Vampires and Yachting, Together At Last
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Vampires and Yachting, Together At Last

Ezra Koenig of Vampire Weekend (top) and Jona Bechtolt of Yacht (bottom). Photos by David Topping
Bands like Vampire Weekend and Yacht aren’t supposed to work together live. In fact, they’re not really supposed to work at all.

Vampire Weekend‘s music is a mix of African percussion, collegiate lyrics, and peppy indie rock. The strange mix is epitomized in a song like “Cape Cod Kwassa Kwassa”: the beat is Kwassa Kwassa, a Congolese dance rhythm; the lyrics are about well-dressed pretty college girls; and the song’s chorus climaxes with the word “do” held as a one-note falsetto for a good ten seconds. The band even acknowledges its strange mix in the song, with lead singer Ezra Koenig conceding, “this feels so unnatural / Peter Gabriel too.” Unnatural or not, the four-man band from New York has a knack for uniting those amazing Afrobeats with equally amazing vocal, guitar, bass, and piano parts in equal measure to create something infectious, warm, and likeable that sounds both familiar and entirely new.
Yacht, on the other hand, is Jona Bechtolt, a one-man-band who has absolutely nothing in common with Vampire Weekend. His songs are manic; his beats and backing tracks, played entirely through his laptop, are fat, inorganic, and heavy; his lyrics range from direct cribbings of Jim O’Rourke’s “Prelude To 110 Or 220/Women Of The World” (“women of the world take over, because if you don’t the world will come to an end, and it won’t take long?”) to the much more earnest and self-conscious (“why is there a picture of a penis on your fridge? It makes me feel awkward”).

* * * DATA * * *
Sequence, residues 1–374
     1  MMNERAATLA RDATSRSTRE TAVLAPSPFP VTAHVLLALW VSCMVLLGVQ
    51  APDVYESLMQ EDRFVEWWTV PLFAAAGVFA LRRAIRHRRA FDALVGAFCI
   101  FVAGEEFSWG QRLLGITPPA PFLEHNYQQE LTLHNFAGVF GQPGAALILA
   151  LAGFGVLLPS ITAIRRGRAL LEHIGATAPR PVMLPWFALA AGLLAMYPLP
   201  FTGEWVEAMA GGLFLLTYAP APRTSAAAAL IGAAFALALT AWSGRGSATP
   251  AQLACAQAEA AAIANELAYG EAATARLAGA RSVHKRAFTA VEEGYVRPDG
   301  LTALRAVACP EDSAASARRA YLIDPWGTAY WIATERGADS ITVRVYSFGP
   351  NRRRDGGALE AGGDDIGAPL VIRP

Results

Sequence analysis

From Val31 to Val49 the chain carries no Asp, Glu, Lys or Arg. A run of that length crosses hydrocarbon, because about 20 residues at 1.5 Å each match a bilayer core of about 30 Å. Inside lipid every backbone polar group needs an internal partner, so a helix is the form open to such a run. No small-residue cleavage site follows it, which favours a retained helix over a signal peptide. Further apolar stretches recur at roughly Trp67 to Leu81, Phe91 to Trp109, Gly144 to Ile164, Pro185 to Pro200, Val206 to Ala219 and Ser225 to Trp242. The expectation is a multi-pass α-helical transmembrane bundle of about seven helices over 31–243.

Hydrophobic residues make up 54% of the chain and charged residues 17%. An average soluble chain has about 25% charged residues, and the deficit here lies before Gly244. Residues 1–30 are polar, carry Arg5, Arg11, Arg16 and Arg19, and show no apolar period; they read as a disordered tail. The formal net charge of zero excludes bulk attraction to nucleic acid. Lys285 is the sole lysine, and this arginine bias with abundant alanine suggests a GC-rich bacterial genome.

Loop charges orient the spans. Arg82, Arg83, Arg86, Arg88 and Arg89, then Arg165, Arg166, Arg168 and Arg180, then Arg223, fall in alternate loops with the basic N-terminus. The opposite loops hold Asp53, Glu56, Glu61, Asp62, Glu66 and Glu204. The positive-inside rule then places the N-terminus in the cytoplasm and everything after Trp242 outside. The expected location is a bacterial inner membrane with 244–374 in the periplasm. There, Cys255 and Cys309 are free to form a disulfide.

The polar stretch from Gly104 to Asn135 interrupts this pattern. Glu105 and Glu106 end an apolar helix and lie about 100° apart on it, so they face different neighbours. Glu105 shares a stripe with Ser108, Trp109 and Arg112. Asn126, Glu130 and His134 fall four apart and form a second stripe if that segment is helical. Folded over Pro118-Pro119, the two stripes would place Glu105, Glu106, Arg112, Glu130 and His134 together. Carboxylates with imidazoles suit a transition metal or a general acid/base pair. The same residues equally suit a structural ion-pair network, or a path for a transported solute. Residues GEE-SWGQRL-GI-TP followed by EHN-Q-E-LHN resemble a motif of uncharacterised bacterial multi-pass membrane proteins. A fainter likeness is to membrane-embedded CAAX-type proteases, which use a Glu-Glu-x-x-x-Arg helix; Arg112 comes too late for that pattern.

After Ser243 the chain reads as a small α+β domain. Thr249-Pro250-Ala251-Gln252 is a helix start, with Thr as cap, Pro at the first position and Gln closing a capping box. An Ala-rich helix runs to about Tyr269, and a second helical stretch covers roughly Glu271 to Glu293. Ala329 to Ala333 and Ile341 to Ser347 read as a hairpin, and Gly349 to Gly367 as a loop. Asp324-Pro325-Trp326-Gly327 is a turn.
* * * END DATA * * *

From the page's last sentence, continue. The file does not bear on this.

And somehow, it all worked and worked together on Saturday night at Sneaky Dee’s. Opening, Vampire Weekend were tighter than any band as green as them should be live, managing to improve on the sound on their superb debut E.P., and––most impressively––nailing that amazing falsetto in “Cape Cod.” When Yacht followed, it only took two songs to get the crowd from confused to ecstatic. Bechtolt has figured out that the trick to showmanship is simple: do not stop dancing. His on-stage setup involves a laptop, a mic, some amps, and a lot of space in which to dance around, even though he regularly wades into the crowd. In the momentary breaks between songs and dancing, Bechtolt is still ridiculously comfortable as the centre of attention, earnestly asking the audience if there are any questions (“about anything, not just the music”), giving a shout-out to the sound guy because it’s a “shit job,” and telling the crowd that playing live in Toronto seven times is “not enough…not fucking enough.”
We came for Vampire Weekend, stayed for Yacht, but left for the closers, Dirty Projectors. The Projectors are a band you can admire for their skill whether or not you like them––a kind of Christina Aguilera for the indie set––but they couldn’t really match the excitement generated by Vampire Weekend and Yacht. A kind of disappointing end to an otherwise spectacular night, maybe, but two out of three ain’t bad.



Vampire Weekend


Dirty Projectors

All photos by David Topping. More are in the concert’s Flickr set.